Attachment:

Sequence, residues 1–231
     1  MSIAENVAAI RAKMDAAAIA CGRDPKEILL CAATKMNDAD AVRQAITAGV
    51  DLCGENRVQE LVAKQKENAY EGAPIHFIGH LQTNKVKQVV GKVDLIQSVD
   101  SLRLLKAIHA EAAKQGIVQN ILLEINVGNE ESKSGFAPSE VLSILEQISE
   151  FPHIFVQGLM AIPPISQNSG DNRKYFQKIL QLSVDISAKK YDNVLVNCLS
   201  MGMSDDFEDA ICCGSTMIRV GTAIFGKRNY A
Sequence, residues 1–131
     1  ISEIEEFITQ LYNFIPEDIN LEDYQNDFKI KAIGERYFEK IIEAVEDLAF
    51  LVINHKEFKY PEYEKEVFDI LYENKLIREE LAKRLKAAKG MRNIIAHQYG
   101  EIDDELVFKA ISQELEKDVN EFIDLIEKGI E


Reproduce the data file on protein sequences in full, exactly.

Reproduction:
Sequence, residues 1–231
     1  MSIAENVAAI RAKMDAAAIA CGRDPKEILL CAATKMNDAD AVRQAITAGV
    51  DLCGENRVQE LVAKQKENAY EGAPIHFIGH LQTNKVKQVV GKVDLIQSVD
   101  SLRLLKAIHA EAAKQGIVQN ILLEINVGNE ESKSGFAPSE VLSILEQISE
   151  FPHIFVQGLM AIPPISQNSG DNRKYFQKIL QLSVDISAKK YDNVLVNCLS
   201  MGMSDDFEDA ICCGSTMIRV GTAIFGKRNY A
Sequence, residues 1–131
     1  ISEIEEFITQ LYNFIPEDIN LEDYQNDFKI KAIGERYFEK IIEAVEDLAF
    51  LVINHKEFKY PEYEKEVFDI LYENKLIREE LAKRLKAAKG MRNIIAHQYG
   101  EIDDELVFKA ISQELEKDVN EFIDLIEKGI E